The problem is more fundamental than you suggest. Education has been faddish for decades, perhaps centuries. Memorization comes and goes. Ditto phonics. Enormous amounts of time have been spent diagramming sentences in the past. We get back to basics which is mostly dull repetition or occasionally chaotic versions of progressive education. Teaching to a test goes back at least to the 50s when the NY Regents Exam was used as a criterion by school districts.

    There's tons of research on different instructional methods and curricula. For the bulk of kids, some approaches work just as well as others. For kids who are behind, things like phonics are essential. For everyone else, they're a bore. Every blowhard thinks they know what makes for good schools and every billionaire has the money to amplify that stupidity.

    Turning around schools that have real problems rather than our periodic "crisis" that call for faddish nonsense, take a lot of time. You need competent teachers and principals and parents who feel they have a stake in their children's education. All easier said than done.

    DeVos is a disaster–the worst of all worlds, faddish, corporatized garbage delivered by someone whose been empowered by lots of money raised in a pyramid scheme.

  11. Major Kong Says:

    @loh nah

    We did come close to ending the world more than once during the Cold War.

    Not intentionally, mind you, but events sometimes have a way of getting away from you. 1914 was one of those times. Nobody in 1914 thought they were starting a world war that was going to kill 17 million people and change the course of history in ways we're still dealing with (see East, Middle).

    The Berlin Crisis and Cuban Missile Crisis both could have gotten out of hand. Ironically enough, in October 1962 JFK was reading Barbara Tuchman's The Guns of August.

  12. Stick Says:

    Ed… Thanks for this. The sad truth is that the best predictors for student achievement are parental income and parental education. We simply cannot wish away the effects of poverty and social dislocation, no matter how hard we try.

    NC_Nate: I hear you brother, but what you describe is part and parcel with Ed's larger point. As a sociologist of education, I can tell you that Colleges of Ed have purged folks who point out uncomfortable truths, and the primary reason is that they are under similar pressures as K-12 schools.

  13. Squeaky Wheel Says:

    I have always considered the main problem to be parental accountability and th lack thereof. No accountability is the main problem of the United States Government as well.

  14. Robert Walker-Smith Says:

    My husband and I have been sending our special needs sons to public schools. Both of us are college educated native English speakers – he has a corporate business employment background, I was career civil service. We have had ample support from various sources; at least in our county, adopting children from foster care entitles parents to such support.

    It's still been a challenge. When I think of the additional challenges that some other parents face on a daily basis, I'm impressed that any of them survive.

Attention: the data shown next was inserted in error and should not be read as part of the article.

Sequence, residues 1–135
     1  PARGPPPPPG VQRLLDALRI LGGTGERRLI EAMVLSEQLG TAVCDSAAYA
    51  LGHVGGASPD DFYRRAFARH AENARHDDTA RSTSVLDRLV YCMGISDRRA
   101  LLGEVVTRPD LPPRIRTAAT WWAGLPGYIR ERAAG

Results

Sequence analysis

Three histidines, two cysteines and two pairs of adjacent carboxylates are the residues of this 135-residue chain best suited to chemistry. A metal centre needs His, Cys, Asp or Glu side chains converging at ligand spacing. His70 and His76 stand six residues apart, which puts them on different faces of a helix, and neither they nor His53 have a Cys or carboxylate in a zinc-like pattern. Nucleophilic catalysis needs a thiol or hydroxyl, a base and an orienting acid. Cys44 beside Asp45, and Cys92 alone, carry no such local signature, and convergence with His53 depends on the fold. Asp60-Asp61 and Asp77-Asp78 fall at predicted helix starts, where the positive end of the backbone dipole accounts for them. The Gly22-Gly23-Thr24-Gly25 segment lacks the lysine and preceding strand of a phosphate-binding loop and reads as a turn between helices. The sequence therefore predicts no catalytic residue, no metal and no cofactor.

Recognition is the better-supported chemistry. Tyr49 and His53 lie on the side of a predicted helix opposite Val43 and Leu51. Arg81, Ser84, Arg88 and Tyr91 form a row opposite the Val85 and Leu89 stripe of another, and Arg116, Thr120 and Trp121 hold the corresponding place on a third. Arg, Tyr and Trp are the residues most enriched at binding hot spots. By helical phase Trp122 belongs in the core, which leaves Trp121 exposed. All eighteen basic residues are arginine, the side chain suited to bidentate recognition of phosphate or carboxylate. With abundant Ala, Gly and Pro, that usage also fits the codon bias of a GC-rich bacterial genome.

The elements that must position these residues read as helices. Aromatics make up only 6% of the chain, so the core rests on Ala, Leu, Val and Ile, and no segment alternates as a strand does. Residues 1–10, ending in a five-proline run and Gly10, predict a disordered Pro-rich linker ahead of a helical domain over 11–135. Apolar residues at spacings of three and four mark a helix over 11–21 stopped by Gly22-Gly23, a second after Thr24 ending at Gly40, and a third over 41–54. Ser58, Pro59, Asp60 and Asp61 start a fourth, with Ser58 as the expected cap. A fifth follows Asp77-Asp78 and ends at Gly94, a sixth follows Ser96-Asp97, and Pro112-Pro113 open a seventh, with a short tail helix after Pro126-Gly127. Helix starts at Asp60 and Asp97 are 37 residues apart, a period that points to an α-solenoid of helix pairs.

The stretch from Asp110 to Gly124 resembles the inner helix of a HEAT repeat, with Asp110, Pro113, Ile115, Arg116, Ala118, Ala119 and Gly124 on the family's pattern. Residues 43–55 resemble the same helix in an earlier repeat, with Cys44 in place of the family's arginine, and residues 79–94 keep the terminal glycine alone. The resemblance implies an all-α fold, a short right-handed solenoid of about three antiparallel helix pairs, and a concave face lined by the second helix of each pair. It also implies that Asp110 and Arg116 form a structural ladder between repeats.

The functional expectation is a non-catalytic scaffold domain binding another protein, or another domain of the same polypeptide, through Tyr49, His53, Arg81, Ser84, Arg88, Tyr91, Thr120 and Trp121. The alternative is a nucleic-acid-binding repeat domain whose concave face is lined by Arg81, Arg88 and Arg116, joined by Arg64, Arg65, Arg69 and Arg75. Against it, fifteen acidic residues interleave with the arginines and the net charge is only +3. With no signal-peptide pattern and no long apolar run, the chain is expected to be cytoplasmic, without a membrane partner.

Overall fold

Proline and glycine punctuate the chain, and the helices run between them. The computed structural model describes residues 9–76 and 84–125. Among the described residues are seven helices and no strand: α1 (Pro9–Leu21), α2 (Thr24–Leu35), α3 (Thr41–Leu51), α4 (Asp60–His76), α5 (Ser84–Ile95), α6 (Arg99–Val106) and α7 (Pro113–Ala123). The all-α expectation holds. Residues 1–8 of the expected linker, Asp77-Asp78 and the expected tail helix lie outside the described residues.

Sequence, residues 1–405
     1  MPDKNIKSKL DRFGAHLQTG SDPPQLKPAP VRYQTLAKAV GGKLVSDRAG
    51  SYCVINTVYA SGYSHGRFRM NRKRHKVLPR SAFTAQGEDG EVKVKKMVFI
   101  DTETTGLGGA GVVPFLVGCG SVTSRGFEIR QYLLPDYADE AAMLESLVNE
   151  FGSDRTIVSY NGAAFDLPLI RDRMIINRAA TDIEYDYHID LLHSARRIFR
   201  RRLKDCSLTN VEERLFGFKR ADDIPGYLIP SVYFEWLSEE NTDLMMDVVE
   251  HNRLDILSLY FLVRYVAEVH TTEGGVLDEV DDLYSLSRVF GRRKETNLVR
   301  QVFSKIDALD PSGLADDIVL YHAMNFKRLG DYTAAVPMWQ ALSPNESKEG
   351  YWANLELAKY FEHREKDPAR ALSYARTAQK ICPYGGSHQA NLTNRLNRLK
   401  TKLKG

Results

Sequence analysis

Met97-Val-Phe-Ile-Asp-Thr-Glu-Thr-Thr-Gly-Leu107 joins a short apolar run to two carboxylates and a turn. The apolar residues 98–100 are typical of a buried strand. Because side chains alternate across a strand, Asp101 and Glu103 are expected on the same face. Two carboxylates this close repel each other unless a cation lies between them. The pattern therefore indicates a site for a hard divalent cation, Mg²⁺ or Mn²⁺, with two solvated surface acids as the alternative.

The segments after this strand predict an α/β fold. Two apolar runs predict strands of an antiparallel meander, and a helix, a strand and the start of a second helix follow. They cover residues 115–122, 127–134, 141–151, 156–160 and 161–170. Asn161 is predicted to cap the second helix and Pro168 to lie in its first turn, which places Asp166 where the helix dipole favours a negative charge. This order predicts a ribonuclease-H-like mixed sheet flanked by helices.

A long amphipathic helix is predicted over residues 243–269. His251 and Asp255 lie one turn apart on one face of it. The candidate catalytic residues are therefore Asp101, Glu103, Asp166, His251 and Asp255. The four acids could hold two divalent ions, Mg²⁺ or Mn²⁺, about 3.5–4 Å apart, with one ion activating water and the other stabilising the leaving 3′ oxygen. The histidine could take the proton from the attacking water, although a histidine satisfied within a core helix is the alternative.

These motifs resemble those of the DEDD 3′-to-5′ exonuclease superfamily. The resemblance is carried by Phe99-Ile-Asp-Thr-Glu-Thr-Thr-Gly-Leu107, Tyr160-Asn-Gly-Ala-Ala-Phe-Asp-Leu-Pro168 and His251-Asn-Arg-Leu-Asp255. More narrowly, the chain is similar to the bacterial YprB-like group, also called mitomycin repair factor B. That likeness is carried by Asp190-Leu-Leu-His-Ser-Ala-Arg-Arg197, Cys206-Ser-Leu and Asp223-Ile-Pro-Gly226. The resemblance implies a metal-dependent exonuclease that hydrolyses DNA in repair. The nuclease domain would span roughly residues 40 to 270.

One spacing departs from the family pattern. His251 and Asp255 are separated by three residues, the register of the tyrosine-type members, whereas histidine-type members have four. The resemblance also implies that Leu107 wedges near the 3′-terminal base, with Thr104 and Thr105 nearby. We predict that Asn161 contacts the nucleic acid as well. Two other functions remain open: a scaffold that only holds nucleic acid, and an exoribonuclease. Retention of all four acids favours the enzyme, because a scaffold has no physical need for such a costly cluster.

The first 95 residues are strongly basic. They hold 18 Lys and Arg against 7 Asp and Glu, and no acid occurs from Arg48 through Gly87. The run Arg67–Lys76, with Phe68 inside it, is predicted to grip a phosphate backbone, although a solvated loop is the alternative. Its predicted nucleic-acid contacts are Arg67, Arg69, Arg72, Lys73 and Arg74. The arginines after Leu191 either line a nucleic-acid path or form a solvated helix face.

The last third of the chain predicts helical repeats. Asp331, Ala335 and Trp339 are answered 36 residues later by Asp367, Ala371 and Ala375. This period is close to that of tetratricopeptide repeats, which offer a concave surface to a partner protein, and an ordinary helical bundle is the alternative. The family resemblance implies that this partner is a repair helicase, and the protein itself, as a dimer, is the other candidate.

Had a contentious exchange with some homeschooling parents online recently; when I pointed out that the primary reason I could see for it was their reluctance to have their children in school with children like mine they clutched their pearls into powder.

  15. NC_Nate Says:

    @Squeaky Wheel – I have always considered "accountability" to be an underhanded way of blaming people in difficult circumstances for problems that are out of their control.

  16. Greg Says:

    *slow clap, building into ten minute standing ovation*

  17. Tim H. Says:

    Speaking of accountability, how about a bit for the .001% types who ceased investing in cities and seek to shrug off the cultural fallout that resulted?

  18. Katydid Says:

    @Robert Walker-Smith; homeschooling parents want in the public school system when it comes to their sons and fooootbaw! Where I live, they're up-in-arms about the fact that the high school sports teams rosters are limited to those who actually, you know, *go to the public schools*. How else is little Jaxxxxsin going to be discovered by a foooootbaw! scout if the parents can't have the taxpayers pay the bills to have their snowflake bump out actual public school students from the team?

  19. Katydid Says:

    Also @Robert; I struggled with my oldest, who was an asynchronous learner (advanced in a few areas, average in others). Because he did very well in the yearly standardized tests, the principal of his elementary school informed us he wasn't eligible for any sort of special help. My spouse and I are also college educated, stable, and motivated to see our children succeed, and yet school was a struggle for us for the older one. I also can't imagine how families cope who don't have the advantages my family does. We sent the school a well-nourished, well-rested child who didn't cause any problems (he daydreamed through the "boring" classes) and he got lost in the shuffle because so many kids were in so much more dire straits.

    We tried a private, college-prep school before we homeschooled. Know what we learned? $30k/year tuition doesn't get you any better of an education or any more assists than the public school–and in fact, an appalling number of the teachers were barely-paid trust-fund babies right out of college themselves, who hadn't had the benefit of an Education major (or even necessarily any education classes whatsoever).